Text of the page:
Breaking the Grid, the Right Way

Producing a well designed, and aesthetically pleasing web site must begin with planning and preparation. This is not exclusive to gathering content, such as vibrant photos, well-written copy, or choosing appropriate colors and typeface. The very base of your design begins with wire frames and the grid.

A wire-frame is like a blueprint for your site, a skeletal visual representation of how you want your site to look, and how you want to organize and arrange your content.

What is a Grid?

Similar to wire frames, a grid can create a basic structure for your design. This image from is a great visual aid to help understand how the grid works.


The grid consists of vertical units, separated by gutters, which together form columns. The units form the grid, and the gutters represent white-space. Columns are simply containers in which to store your content.

A strong understanding and consistent use of the grid will strengthen any web developers technique, and will help simplify the structure of your content. As many of us new to web design can attest, creating a layout can be frustrating. Trying to determine where to place content, how to align the different elements so it flows well and feels unified, can be a challenge.

Breaking the Grid

Traditionally, the grid ensures that columns do not overlap, and elements do not bleed into one another, thus maintaining a clean, legible layout.

Breaking the grid involves challenging the notion of content-focused layout and design. Many designers break the grid to bring focus to a call to action, or to draw the user’s attention to specific content. The grid layout creates logically organized, symmetrical, perfectly aligned content. The intention is to present a clear design which can be easily navigated by new and returning users. There is absolutely nothing wrong with this approach, but aesthetically it can get a bit boring. That’s why designers now are playing with ways to break the grid, in an intelligent and effective way.

Breaking the grid the wrong way will result in a poorly designed site. There is potential to disrupt the flow of content and to make navigation difficult. This article  suggests to choose one way to break the grid then use that approach consistently throughout the site. Your users will appreciate that this new look or function is present on other pages. It not only gives them an opportunity to get used to it, but may create more interest and engagement with your site.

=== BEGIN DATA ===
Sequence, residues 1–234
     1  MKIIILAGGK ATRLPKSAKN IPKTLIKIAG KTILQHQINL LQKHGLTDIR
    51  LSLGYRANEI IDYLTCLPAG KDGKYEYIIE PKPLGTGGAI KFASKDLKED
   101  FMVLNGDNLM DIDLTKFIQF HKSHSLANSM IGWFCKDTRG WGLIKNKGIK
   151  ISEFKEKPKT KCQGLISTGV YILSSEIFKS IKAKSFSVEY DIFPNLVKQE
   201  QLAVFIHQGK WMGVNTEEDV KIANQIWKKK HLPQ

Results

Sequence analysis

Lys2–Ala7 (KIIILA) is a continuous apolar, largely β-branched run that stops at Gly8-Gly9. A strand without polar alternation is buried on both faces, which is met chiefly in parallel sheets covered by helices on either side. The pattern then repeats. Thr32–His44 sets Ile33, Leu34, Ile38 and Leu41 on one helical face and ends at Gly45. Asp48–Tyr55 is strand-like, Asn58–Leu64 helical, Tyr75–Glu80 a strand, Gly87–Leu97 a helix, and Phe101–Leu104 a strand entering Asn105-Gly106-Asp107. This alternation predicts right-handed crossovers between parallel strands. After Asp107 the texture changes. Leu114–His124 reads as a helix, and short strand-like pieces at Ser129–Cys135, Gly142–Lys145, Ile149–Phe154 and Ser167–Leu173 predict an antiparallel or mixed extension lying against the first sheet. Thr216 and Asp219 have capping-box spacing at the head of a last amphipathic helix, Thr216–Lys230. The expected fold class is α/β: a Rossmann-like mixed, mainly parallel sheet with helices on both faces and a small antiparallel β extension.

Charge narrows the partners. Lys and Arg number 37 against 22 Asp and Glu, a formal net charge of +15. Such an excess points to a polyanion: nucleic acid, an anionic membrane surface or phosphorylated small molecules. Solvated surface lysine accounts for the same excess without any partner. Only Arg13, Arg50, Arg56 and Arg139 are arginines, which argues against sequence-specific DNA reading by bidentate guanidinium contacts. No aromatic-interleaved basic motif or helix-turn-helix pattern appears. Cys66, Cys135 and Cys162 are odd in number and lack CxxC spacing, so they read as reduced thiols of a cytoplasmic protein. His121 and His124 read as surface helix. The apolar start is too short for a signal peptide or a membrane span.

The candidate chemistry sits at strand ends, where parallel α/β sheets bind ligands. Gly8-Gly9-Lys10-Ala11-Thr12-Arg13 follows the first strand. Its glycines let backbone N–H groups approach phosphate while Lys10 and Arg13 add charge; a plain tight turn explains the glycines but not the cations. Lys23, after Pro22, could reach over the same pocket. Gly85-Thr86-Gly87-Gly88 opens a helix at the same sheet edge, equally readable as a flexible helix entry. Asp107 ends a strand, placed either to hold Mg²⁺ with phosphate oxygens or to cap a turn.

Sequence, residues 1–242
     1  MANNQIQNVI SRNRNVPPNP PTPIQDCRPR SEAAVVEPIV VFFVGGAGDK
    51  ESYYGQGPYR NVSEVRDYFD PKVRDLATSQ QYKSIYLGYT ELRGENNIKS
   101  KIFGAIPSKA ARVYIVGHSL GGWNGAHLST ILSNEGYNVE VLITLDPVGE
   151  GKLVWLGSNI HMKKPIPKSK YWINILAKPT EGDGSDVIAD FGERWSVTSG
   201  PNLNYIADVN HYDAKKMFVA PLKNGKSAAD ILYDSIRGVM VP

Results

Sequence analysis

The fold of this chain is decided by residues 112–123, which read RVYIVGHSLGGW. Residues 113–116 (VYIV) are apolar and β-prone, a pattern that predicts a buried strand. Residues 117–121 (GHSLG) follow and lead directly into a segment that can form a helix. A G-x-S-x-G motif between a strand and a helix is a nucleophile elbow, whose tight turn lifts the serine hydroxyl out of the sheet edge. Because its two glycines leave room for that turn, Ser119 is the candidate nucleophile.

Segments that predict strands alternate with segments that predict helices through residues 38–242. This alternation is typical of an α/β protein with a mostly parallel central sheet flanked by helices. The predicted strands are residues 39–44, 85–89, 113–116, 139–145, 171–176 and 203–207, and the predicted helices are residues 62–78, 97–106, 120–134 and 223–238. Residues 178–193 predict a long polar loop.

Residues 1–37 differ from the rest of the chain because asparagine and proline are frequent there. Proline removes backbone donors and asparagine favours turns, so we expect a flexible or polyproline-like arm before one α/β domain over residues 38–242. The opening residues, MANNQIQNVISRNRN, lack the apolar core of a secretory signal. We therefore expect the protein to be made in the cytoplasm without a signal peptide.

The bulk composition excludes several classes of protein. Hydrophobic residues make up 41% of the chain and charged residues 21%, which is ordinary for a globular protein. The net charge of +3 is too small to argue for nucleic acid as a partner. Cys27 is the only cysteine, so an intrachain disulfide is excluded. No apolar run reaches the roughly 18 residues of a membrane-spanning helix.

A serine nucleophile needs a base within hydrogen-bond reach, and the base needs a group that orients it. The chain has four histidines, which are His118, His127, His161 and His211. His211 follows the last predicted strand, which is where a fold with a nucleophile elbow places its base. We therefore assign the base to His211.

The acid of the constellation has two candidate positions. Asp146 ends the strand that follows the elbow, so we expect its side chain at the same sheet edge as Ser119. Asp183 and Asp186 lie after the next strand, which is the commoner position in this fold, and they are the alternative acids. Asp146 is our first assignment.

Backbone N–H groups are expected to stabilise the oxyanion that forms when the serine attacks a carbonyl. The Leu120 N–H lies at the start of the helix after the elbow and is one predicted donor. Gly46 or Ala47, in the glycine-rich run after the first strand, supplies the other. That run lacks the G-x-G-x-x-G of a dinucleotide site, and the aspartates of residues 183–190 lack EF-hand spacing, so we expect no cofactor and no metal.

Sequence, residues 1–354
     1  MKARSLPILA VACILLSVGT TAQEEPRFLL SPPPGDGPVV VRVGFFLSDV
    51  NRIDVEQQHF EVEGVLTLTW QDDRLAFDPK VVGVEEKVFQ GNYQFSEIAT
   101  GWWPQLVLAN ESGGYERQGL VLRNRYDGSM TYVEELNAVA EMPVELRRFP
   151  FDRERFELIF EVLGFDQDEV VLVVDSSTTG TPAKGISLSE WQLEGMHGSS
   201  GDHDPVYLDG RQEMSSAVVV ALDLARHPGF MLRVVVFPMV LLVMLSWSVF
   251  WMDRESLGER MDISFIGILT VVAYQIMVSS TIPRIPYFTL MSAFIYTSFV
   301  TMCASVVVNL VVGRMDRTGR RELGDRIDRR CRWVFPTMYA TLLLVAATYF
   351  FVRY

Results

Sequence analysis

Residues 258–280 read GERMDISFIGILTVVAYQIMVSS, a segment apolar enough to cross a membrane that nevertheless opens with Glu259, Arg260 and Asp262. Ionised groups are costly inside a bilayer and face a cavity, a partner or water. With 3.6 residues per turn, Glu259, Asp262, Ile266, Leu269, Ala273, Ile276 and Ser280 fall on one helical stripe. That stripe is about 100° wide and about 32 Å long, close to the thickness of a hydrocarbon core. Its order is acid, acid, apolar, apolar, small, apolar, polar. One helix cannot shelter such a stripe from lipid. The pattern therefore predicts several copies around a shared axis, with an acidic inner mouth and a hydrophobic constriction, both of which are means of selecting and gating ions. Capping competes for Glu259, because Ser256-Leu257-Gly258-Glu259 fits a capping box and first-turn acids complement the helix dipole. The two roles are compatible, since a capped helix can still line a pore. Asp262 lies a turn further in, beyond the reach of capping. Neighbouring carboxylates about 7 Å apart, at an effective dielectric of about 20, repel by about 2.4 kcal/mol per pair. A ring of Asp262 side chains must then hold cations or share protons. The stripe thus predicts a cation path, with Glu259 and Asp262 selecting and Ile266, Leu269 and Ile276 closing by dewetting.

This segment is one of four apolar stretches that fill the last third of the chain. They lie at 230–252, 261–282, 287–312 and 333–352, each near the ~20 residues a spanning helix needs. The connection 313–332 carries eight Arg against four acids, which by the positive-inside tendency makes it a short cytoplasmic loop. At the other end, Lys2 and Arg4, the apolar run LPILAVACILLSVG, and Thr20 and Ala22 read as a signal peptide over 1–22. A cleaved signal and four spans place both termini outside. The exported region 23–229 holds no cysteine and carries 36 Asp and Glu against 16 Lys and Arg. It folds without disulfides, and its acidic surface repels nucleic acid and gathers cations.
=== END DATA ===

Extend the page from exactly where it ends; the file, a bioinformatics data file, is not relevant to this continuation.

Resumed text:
One technique for breaking the grid that I really love is through big, bold typography. Some designers are challenging the rule of separating elements. As seen in the example below, the text on the left begins in its own space, and ends just inside the space parallel to it; the photo. You can see as well the geometric shape of the photo that is almost leaning into the text area, outside its column. I think this is an effective and interesting use of space. It includes the traditional structure of the grid, yet skews it just enough to draw the user in with the text, and take notice of the image. In this example, the layout focuses the user’s attention on the call to action. If you look at the other pages on their site, you’ll see this style is carried through consistently.



As powerful as this technique is, not all attempts are equally accomplished. A mistake that is easy to make is trying to break the grid in too many ways at once. Doing so will cause confusion for the user. The site should still be easy to navigate and important content simple to find. This article from Design Shack  offers some excellent guidelines regarding how to apply breaking the grid techniques while still maintaining an intuitive design and a sold structure for your content. Breaking the grid can be a great tool, but keep it simple, know your audience, and be consistent.



Wasserman, Ed (2016) A Comprehensive Introduction to Grids in Web Design. Retrieved from–cms-26521

Awwwards Team (2017) 30 Grid-Based Websites. Retrieved from

The Best Designs. (2017) Ghafari Associates. Retrieved from

Cousins, Carrie (2017) How to Break the Grid without Making a Mess. Retrieved from


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